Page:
Impenetrable Alcina

FranceFrance Georg Friedrich Haendel: Alcina. Orchestre National Bordeaux Aquitaine, Choeur de l’Opera National de Bordeaux, Harry Bicket (conductor), Grand Théâtre, Bordeaux, 13.5.2012 (JMI)

New Production

Direction: David Alden
Sets and Costumes: Gideon Davey
Lighting: Simon Mills


Alcina: Elza Van Den Heever
Ruggiero: Isabel Leonard
Bradamante: Sonia Prina
Morgana: Anna Ryan
Oronte: Alek Shrader
Oberto: Melody Louledjian
Melisso: Wojtek Gierlach

Handel's Alcina Photo courtesy Bordeaux Opera, © Frédéric Desmesure

Conveniently both the Bordeaux and Toulouse opera houses have programmed two important baroque operas at the same time. A week ago I went to Toulouse where I was absolutely delighted with Les Indes Galantes (S&H review here). Perhaps those Indians raised my expectations for this Alcinain Bordeaux, with the result that I felt a little let down.

Canadian stage director David Alden was in charge of this new production. He is a very imaginative director and the type that can really excel in Baroque operas. But when you have to search the program notes – despite the super-titles – to get any idea what is going on stage, then something went wrong. Either the concept of David Alden wasn’t well developed on stage, or it has nothing discernible to do with the libretto. Anyone who didn’t know the opera in advance or couldn’t follow the French translation, was not going to understand the plot of Alcina on this occasion.

In the program notes David Alden explains that his idea was inspired by Woody Allen’s film The Purple Rose of Cairo, where the protagonist, Mia Farrow, escapes from the routine of her personal life by going to see the same movie every day, to the point where the actors leave the screen and speak to her. David Alden follows Allen’s path and sends Ruggiero, bored of his marriage to Bradamante, to the theater every day, where he daydreams and sees Alcina, a magic character he imagines to be a singer. Working in the same theater are Morgana and Oronte as ushers – singing ushers that is. Bradamante and Melisso arrive at the theater, trying to save Ruggiero from his mental distress.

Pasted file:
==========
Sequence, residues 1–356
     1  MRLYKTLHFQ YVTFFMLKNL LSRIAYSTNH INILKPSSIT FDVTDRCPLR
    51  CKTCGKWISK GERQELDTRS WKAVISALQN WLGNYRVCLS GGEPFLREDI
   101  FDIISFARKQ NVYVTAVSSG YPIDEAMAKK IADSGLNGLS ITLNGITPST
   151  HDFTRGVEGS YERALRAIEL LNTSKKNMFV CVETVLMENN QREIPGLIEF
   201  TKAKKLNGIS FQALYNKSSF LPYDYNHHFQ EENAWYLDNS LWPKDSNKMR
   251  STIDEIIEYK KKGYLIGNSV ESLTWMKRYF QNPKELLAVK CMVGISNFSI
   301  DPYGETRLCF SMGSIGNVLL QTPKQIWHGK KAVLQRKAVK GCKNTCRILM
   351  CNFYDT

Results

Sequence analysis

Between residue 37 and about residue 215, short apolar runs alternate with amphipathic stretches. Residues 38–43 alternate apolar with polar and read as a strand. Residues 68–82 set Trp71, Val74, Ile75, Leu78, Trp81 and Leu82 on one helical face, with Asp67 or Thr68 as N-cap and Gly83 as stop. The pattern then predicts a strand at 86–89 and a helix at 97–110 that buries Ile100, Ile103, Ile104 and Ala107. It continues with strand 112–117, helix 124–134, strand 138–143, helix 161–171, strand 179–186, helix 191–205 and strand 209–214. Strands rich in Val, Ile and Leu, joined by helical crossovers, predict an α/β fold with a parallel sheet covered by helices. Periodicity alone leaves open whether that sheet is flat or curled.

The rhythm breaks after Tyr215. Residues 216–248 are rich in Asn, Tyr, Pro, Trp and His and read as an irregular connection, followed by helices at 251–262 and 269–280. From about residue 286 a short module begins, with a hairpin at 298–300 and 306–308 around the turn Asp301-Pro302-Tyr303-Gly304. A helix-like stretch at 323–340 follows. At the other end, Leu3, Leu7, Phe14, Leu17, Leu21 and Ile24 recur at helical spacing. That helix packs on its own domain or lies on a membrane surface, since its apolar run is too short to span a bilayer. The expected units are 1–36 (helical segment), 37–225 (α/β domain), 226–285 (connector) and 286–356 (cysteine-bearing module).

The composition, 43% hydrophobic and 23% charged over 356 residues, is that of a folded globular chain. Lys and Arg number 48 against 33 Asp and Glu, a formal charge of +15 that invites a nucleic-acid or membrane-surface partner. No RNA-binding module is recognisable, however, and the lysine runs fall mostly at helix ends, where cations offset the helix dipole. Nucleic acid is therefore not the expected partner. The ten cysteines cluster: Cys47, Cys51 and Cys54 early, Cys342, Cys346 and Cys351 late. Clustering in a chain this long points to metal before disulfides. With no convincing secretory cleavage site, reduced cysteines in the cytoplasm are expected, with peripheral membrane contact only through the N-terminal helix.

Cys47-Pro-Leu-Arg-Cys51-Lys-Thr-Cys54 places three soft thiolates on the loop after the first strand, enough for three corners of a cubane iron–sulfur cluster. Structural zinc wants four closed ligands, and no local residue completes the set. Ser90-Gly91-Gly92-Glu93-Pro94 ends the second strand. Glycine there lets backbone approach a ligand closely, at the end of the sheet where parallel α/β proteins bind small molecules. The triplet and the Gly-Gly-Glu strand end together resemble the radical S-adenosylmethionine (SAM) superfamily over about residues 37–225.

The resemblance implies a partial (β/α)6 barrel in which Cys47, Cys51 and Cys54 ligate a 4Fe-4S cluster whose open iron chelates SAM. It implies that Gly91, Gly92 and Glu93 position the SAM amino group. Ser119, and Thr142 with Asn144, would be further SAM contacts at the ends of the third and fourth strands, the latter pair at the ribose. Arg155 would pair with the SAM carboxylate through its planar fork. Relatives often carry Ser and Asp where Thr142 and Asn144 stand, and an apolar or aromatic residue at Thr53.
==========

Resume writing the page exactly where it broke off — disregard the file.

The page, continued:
After the first act in the theater, the second act takes place in a laboratory or maybe a museum of natural history. In the third act Ruggiero wants to break with his dream-Alcina and returns to normal life. I assure you that I would not have gleaned any of that without assiduously studying the program notes. Whether this is my fault or Mr.Alden’s… well.

If you ignore the fact that you don’t know what is going on, it can’t be denied that how it is going on is very good. David Alden is an inveterate stage director and knows exactly how to get great performances out of his singers-actors-dancers. And it never gets boring, either, because there is always something happening on stage. Emphasis on “something”.

available at Amazon
G.F.Handel, Alcina,
M.Minkowski / Les Musiciens du Louvre
Harteros, Kasarova et al.
Arthaus Musik

available at Amazon
G.F.Handel, Alcina,
W.Christie / Les Arts Florissants
Fleming, Graham, Dessay et al.

Harry Bicket conducted as effectively as usual. He is a true baroque music specialist, although I have always missed in his conducting that something little extra that makes the difference between a good maestro and a great one. It wasn’t long, before I started missing Christoph Rousset. Not only for his Rameau-performance a week earlier in Toulouse, but also for the wonderful Alcina he offered in Bilbao nine years ago. The Bordeaux orchestra played well, including the musicians who took their instruments on stage to play along to the arias right from amidst the action.

South African soprano Elza van den Heever played Alcina. She is an important soprano of our times, a lyric-spinto, and she has a great future ahead of her. This type of voice usually isn’t well suited to the demands of baroque music (Anja Harteros excepted). But Elza van den Heever was an exciting Alcina, more powerful than moving, and at her best in the more dramatic moments.

Mezzo soprano Isabel Leonard was a remarkable Ruggiero, even as she sang through a cold. She continuously gained confidence as the opera went on and did her best work in the last two acts. She was splendid in both “Verdi prati” and the well-known bravura aria “Sta nell’ircana”.

Sonia Prina delighted as Bradamante in vocal terms; less so as an actress. Her contralto voice is very well suited to the tessitura of the score, and she shone brightly in the aria “Vorrei vendicarmi”.

Morgana has a couple of very neat passages, almost like a proto-Liu or Micaela. “Tornami a vagheggiar” is possibly the most famous aria of the entire opera and it gives the interpreter an opportunity to show off – especially when presented, as here, as a music-hall number. Soprano Anna Ryan made the most of it, because she is an excellent actress and even a good dancer. It made one overlook her less than convincing voice with a rather acidy top register.

Alek Shrader was a tasteful, well-acting Oronte with an unappealing voice. Young light soprano Melody Louledjian left a positive impression as Oberto, aided by youth and good looks. Handel wrote only one aria for Melisso. With a voice like Wojtech Gierlach’s that was plenty.

José Mª Irurzun